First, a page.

In December 2018, unemployment touched 7.4 per cent, the highest in 27 months. Labour participation, the percentage of working-age (15-59 years) population seeking work, has fallen steadily, from 45 per cent in December 2016 to 42.5 per cent in December 2018. There is apprehension that labour participation can go down for good reasons (youth stay back longer in education) and bad (sustained failure to find work can make people stop looking).
When the question of reservation in jobs arises, it implies organised sector jobs or decent jobs. But jobs in the organised sector are also on the decline. India Inc in 2017-18 added jobs the slowest in the last three years. In India’s top 171 listed companies, which are part of BSE 200 Index, only 64,380 employees joined in 2017-18, down sharply from 1,16,300 a year ago and 1,46,800 in 2015-16. It is disconcerting that labour bureau data do not paint a rosy picture for the Modi government as the number of people laid off has risen about 25 per cent from 2016. While 3,654 people were fired in 2015, the number rose to 4,200 in 2016 and 5,249 in 2017. In 2018, till the end of August, 3,322 people lost jobs.
The main reasons for job losses are demonetisation and the botched introduction of GST, which crippled the country’s informal sector immediately, and hit the desire and ability of businesses to get projects up and running. Besides, government recruitment is frozen and even job creation in state and central government offices is negative. Public sector undertakings have reduced their workforce owing the increased use of information technology, cost cutting and downsizing to compete with the private sector. The use of higher capital in place of labour for higher profit has contributed to decline in jobs.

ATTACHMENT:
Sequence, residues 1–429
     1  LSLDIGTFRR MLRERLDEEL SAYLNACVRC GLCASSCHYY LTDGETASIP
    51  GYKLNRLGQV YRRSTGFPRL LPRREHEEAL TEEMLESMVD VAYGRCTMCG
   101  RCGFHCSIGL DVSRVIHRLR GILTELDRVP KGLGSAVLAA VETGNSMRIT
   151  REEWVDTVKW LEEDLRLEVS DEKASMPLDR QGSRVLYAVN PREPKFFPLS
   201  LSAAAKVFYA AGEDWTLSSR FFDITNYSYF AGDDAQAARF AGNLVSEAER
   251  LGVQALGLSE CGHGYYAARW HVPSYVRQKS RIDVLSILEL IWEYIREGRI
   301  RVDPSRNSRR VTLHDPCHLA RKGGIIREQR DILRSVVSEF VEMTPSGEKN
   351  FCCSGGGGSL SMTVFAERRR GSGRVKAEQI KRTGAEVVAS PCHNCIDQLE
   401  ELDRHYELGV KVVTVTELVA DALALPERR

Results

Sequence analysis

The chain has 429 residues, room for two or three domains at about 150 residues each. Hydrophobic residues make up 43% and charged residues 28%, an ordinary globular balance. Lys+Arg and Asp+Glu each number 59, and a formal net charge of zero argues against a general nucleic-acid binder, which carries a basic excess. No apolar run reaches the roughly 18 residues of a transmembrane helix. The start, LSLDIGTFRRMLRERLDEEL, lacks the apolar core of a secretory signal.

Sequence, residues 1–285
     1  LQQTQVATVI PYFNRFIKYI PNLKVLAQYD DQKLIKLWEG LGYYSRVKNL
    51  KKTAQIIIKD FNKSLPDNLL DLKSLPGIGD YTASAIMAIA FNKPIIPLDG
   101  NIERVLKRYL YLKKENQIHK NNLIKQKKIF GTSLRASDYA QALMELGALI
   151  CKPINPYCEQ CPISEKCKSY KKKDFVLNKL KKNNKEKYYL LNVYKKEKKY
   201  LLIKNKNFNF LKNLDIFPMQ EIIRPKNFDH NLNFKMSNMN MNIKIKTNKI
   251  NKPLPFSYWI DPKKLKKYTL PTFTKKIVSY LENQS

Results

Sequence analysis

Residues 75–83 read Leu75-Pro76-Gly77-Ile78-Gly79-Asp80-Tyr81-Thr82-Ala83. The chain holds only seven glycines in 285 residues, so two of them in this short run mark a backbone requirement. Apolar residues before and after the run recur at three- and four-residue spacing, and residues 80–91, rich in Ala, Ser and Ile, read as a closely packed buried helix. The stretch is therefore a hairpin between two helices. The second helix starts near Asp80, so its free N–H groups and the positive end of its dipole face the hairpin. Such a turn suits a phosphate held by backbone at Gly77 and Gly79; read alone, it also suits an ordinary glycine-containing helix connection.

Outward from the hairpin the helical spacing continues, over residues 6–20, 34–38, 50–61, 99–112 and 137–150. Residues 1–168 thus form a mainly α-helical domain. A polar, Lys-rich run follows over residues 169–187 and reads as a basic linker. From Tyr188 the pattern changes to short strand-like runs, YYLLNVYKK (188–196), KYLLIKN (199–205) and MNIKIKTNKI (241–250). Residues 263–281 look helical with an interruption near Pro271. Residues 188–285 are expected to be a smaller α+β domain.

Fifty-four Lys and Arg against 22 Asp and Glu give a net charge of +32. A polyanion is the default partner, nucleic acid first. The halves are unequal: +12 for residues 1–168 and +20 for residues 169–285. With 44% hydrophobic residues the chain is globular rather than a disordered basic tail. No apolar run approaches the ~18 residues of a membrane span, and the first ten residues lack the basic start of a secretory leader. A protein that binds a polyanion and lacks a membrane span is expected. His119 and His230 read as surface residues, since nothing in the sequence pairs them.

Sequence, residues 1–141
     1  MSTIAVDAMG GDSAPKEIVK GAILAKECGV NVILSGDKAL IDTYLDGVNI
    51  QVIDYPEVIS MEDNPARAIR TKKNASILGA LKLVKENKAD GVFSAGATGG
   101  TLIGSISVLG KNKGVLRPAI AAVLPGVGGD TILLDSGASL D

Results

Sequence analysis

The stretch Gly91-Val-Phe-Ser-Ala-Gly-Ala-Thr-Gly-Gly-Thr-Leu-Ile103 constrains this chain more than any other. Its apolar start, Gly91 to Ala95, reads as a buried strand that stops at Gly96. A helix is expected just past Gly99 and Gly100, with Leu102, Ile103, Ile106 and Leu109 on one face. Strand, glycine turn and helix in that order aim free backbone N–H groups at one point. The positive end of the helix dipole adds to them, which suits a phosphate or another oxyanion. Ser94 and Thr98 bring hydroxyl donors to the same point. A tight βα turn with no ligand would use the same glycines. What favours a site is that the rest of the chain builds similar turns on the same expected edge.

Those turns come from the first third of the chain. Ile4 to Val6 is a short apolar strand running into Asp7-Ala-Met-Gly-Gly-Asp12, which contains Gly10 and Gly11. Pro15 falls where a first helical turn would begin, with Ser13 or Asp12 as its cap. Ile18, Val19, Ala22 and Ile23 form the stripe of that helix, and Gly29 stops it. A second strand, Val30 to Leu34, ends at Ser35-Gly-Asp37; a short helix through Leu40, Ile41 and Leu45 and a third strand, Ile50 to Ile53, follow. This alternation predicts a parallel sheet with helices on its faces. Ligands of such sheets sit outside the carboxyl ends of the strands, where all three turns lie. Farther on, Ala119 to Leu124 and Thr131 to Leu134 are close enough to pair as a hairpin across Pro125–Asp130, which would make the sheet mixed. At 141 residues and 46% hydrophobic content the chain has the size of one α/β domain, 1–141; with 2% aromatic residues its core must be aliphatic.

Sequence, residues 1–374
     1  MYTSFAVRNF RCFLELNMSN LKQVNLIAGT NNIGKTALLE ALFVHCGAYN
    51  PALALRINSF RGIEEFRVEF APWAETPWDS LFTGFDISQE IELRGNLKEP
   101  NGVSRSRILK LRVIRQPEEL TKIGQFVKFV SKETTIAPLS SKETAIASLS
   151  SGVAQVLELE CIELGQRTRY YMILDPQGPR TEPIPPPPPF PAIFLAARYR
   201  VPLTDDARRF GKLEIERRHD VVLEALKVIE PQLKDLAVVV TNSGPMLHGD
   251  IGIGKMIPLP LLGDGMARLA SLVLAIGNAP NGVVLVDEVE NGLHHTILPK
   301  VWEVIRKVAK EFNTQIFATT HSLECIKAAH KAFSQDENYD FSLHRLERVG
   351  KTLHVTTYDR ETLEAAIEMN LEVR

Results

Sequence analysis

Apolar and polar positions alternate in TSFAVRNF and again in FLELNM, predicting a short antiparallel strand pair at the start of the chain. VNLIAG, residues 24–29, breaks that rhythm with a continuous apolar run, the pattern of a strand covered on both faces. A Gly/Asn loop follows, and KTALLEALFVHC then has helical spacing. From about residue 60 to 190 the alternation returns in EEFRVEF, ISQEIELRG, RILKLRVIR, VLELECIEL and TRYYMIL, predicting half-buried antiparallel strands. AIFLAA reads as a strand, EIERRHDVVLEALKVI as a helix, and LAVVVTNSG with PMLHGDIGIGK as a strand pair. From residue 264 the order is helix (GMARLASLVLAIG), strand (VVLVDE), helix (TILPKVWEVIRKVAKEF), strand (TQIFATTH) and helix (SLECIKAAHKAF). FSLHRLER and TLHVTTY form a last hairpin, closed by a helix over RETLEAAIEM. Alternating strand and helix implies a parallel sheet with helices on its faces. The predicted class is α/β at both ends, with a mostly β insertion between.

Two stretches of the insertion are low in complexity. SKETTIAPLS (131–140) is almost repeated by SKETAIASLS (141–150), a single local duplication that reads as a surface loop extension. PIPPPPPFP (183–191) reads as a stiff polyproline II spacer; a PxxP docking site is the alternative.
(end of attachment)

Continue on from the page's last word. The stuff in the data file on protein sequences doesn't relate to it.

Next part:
Further, it is not just the decline in creation of decent jobs that we should be worried about, but also the rise in vulnerable employment. A new World Bank report (derived from ILO data) says 3 out of 4 workers in India (77 per cent of total workers) fall in vulnerable employment category. Vulnerable employment is often characterised by inadequate earnings, low productivity and difficult work conditions that undermine fundamental rights of workers. They are more likely to be informally employed, and more likely to lack a “voice” through effective representation by trade unions and similar organizations.
Instead of winding down quotas, raising it again means squeezing space for meritorious students further. But the question here is not whether we need reservation but why reservation again even after 72 years of Independence. It means successive governments, including the present one, have failed miserably in raising the standard of living of masses and in undoing social injustice. The rich have grown richer at the cost of masses. This growing social injustice cannot be rectified merely through reservation, but taxing rich at higher rates and spending more money in job creation and social sectors such as health and education.
The writer is an Odisha-based economist. e-Mail: firstname.lastname@example.org.